Obviously, a random sample of 10 cows in a big herd is not going to be statistically significant, but it is thought that it will be useful enough to direct efforts. You will receive a report on the findings of the inspector, and they may give suggestions as to areas requiring attention. Please discuss these with us as the inspectors are not in a position to use any context or judgement - they are simply there to score the random sample.


The paperwork for the inspection now has 3 sections and these are:

  1. A written Herd Health Plan - this does not need to be written by a vet, but the most useful ones will be made as a team effort with all concerned
  2. Some data and targets from the previous 12 months. There are 2 extra pieces of data which you are now required to report to your inspector:
  • Total number of involuntary culls
  • Calf mortality
      a) between 0-24 hours
      b) 24 hours - 42 days

3. A declaration from a veterinary surgeon, who has reviewed the data set out in Section 2, and has examined the stock on the farm. The new wording of the Scheme Standard then says "As a result of this he can make recommendations but it is not a requirement that these are followed".


You will need to have the updated version of this paperwork for your next inspection date. The requirement for us to view the stock means that it is now impossible to sign these declarations in the office with 10 minutes to go before inspection time, so please make sure you call in advance and arrange a time for us to come and complete the visit.

by Sally Wilson MRCVS

Last week, I was fortunate to be invited by Harpers Home Mix to accompany a group of South West Dairy Farmers to Denmark  courtesey of Vitfoss to look around some farms. The trip was excellent; excellent farms, excellent company; excellent organisation; excellent food (and drink!)


We packed in 4 farms to our first of 2 full days in Denmark. If you want to see lots of photos along with commentary and stories behind each of these extraordinary businesses, have a look at our Photo Gallery (Sally's visit to Denmark).

After a very enjoyable and social evening following a packed day, we were taken, the next day, to the Vitforss headquarters where we were shown around the factory. In the aftrernoon we were shown the sister company factory JF Stoll, where I learnt an immense amount about feeder wagons!

It was a great group of farmers so thanks to them for being patient with my non-farmerness! Also, huge thanks to John Fish, Becky Anstiss, Per Thielgaard and our main host Knud Lykke Christensen of Vitfoss, aswell as Glen and Bruce from Harpers Homemix. It was a fantastic trip!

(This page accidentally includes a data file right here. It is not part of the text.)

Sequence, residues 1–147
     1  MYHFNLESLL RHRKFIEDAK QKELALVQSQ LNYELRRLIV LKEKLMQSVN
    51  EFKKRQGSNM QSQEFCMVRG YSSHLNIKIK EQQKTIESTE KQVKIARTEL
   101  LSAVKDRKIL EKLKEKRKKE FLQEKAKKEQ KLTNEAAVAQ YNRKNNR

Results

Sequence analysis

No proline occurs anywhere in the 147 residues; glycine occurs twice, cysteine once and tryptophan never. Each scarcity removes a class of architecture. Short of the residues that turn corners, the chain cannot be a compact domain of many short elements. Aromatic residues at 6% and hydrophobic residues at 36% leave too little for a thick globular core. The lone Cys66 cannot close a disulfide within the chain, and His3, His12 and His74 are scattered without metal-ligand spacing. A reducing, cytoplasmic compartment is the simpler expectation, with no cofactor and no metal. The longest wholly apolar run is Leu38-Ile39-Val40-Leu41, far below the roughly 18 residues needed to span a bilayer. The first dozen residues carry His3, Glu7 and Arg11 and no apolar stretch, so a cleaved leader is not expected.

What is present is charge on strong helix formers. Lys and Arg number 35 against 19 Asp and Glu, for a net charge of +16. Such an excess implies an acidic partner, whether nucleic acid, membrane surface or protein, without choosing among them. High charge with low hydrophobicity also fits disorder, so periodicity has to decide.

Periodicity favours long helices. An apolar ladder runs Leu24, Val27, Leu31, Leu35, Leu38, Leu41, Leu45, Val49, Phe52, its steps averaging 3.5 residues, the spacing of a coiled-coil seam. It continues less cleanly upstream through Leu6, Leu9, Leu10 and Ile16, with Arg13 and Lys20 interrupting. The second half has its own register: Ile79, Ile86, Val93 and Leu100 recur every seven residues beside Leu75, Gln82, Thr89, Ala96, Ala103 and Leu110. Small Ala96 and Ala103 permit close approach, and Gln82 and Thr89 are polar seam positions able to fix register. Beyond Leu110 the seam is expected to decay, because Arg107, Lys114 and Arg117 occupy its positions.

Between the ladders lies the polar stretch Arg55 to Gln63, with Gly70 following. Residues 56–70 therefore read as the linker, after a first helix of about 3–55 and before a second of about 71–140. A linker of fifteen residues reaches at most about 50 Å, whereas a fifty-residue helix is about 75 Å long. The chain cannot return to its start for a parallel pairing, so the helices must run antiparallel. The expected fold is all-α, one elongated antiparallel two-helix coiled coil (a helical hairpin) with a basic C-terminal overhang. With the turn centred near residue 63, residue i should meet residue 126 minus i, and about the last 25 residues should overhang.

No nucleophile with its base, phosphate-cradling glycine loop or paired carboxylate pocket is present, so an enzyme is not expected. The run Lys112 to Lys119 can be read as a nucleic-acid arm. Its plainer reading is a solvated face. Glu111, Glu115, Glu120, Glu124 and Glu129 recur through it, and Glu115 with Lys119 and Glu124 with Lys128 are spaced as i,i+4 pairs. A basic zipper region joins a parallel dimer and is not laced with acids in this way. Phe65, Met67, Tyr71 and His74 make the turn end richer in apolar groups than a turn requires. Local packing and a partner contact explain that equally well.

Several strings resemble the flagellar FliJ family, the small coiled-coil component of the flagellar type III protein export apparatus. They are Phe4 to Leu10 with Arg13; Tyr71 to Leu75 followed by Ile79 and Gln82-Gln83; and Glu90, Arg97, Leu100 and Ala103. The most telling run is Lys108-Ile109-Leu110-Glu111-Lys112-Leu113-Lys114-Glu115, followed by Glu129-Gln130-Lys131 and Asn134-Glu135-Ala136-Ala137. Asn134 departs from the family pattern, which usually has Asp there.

Remember to have a peek at the photos!




by George Giles MRCVS

Within the practice we have a number of flying herds who rely on buying in freshly calved cows to maintain cow numbers. Buying cattle into your herd can be out of necessity due to unforseen loses such as TB reactors or it can be through a conscious management decision. Whilst most dairy farmers are fully aware of the risk of introducing new diseases, it is worthwhile having an action plan for bought in stock to minimise disease transmission. The term 'risk based trading' has been used to describe a way of buying stock in, which takes into account all of the known disease information about the farm of origin and the type of animal that you are buying; therefore making a more informed purchase decision.

Benefits of a biosecurity plan on farm for bought in stock

  • Decrease the risk of introducing new diseases into the herd
  • Maintain productivity and herd health
  • Cut down the cost of disease treatment

Risk based trading - considerations pre-purchase:

  • Does the animal come from a herd which is accredited free of any infectious diseases?
  • Does the farm vaccinate against any infectious disease, such as BVD, IBR, Lepto?
  • Ask for any herd history or current monitoring for Johnes disease
  • Has the individual animals’ SCC recording been >200,000 in the previous lactation, inspect the teat ends for signs of damage
  • Obtain the herd’s current bulk milk SCC
  • Body condition score the animals you intend to buy – does that fit with the required condition score for the stage of lactation the cow is in.
  • Preferentially look for cows that have been served via AI rather than natural mating
  • If you are looking at buying multiple animals, then buying from one source decreases the likelihood of bringing in new diseases.

Do NOT assume that cattle bought in from the continent carry less disease than those bought in from the UK.

Once the animal has been brought onto the farm: